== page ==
Regardless, certain websites like the Tax Foundation.org have taken what she said very seriously and have done some calculations in an attempt to predict the potential impact of a 70% tax increase (Pomerleau, Kyle, and Huaqun Li). Firstly, the two economists responsible for the paper explain that because of the informal proposal, specifics about a 70% tax increase for those making $10 million or above are absent. Does this 70% tax income bracket only affect those who are single and only responsible for themselves, or does this also have an impact on those who are married or even those who are the sole provider in a single household, responsible for multiple individuals? There are multiple income tax brackets that are used depending on each individual’s financial situation (Josephson). This means that there are multiple possible versions of this new tax income bracket so more calculations are required (Pomerleau, Kyle, and Huaqun Li.).

The Washington Post contributed to the discussion by figuring out that if all Americans making over $10 million were taxed at 70%, the Federal Budget would increase to over $700 billion (Stein). However, the Tax Foundation points out that this figure does not account for the behavioral effects. What happens if, due to the nex taxes, those making over $10 million find ways to avoid the new tax? Even though it is illegal, there are loopholes through which it is possible, the most likely of which is sheltering income.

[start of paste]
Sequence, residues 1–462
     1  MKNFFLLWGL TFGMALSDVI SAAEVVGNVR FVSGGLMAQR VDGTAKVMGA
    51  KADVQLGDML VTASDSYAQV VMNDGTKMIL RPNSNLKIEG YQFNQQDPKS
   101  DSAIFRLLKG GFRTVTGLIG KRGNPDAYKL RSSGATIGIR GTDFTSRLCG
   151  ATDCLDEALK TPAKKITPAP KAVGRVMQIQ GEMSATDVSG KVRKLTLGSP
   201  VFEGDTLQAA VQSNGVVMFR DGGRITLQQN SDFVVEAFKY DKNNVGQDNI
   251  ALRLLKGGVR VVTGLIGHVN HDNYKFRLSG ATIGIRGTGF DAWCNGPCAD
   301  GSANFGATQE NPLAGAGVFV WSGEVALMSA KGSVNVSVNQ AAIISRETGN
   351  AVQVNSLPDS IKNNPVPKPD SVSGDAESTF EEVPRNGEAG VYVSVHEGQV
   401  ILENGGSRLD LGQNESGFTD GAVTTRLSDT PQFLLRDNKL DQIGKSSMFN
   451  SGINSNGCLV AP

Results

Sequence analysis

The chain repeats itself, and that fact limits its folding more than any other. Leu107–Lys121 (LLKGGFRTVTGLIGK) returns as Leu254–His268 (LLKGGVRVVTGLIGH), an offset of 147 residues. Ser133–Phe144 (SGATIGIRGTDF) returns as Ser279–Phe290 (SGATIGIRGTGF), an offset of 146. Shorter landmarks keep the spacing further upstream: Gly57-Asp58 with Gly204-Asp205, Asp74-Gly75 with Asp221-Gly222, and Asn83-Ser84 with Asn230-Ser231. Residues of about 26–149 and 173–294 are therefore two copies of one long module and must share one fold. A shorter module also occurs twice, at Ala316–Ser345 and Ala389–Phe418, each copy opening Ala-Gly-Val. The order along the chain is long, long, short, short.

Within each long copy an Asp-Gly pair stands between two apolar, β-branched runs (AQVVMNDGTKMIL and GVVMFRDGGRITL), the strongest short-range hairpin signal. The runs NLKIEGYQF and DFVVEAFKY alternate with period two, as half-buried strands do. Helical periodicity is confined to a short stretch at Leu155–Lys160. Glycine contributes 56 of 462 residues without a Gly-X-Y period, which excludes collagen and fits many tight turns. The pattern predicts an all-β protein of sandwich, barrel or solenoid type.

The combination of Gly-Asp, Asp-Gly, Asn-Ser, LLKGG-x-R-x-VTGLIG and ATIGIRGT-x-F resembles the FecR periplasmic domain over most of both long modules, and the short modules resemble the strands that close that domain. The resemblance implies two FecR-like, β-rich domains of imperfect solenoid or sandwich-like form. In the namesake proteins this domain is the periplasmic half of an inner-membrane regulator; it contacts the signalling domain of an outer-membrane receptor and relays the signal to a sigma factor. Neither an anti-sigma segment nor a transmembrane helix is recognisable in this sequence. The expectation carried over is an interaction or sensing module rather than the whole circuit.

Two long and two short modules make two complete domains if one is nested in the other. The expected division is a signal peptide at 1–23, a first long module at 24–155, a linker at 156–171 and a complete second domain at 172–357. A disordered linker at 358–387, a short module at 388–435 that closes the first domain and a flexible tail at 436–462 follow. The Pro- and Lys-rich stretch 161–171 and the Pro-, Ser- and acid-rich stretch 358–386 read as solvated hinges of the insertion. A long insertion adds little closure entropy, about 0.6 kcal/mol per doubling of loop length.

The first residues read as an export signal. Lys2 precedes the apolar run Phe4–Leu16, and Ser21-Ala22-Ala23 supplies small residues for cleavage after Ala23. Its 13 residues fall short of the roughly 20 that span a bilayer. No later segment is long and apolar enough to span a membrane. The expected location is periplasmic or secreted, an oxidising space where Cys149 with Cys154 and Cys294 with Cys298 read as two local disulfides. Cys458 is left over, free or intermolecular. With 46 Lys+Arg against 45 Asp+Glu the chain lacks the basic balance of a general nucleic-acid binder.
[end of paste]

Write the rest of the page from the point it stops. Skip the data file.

Possibly the best thing to do is to ask if what Ocasio-Cortez has said about the income tax brackets for the highest earners in America was, in fact, 70%. The answer is yes. In fact, the highest income tax bracket for the heads of households, married couples filing jointly, and singles was 70% depending on their income for the years between  1965 and 1981 (“Historical Income Tax Rates and Brackets, 1862-2013.”). Surprisingly, going back through the federal income tax brackets will reveal that prior to 1965, the top bracket was higher. In 1964, it was 74%, and between the years 1946 and 1963, it never dropped below 90%. This means that, with an exception of the record-breaking 94% during World War II, the highest income tax rate during Eisenhower’s administration was lower than that during FDR’s.

Knowing the historical context of such high-income tax rates, did economic growth stagnate? Again, surprisingly this was not the case. As you can see, from a graph of the GDP per capita based in 2009 dollars, the US has had steady economic growth throughout the 1950s and sixties (Jones, pp. 5).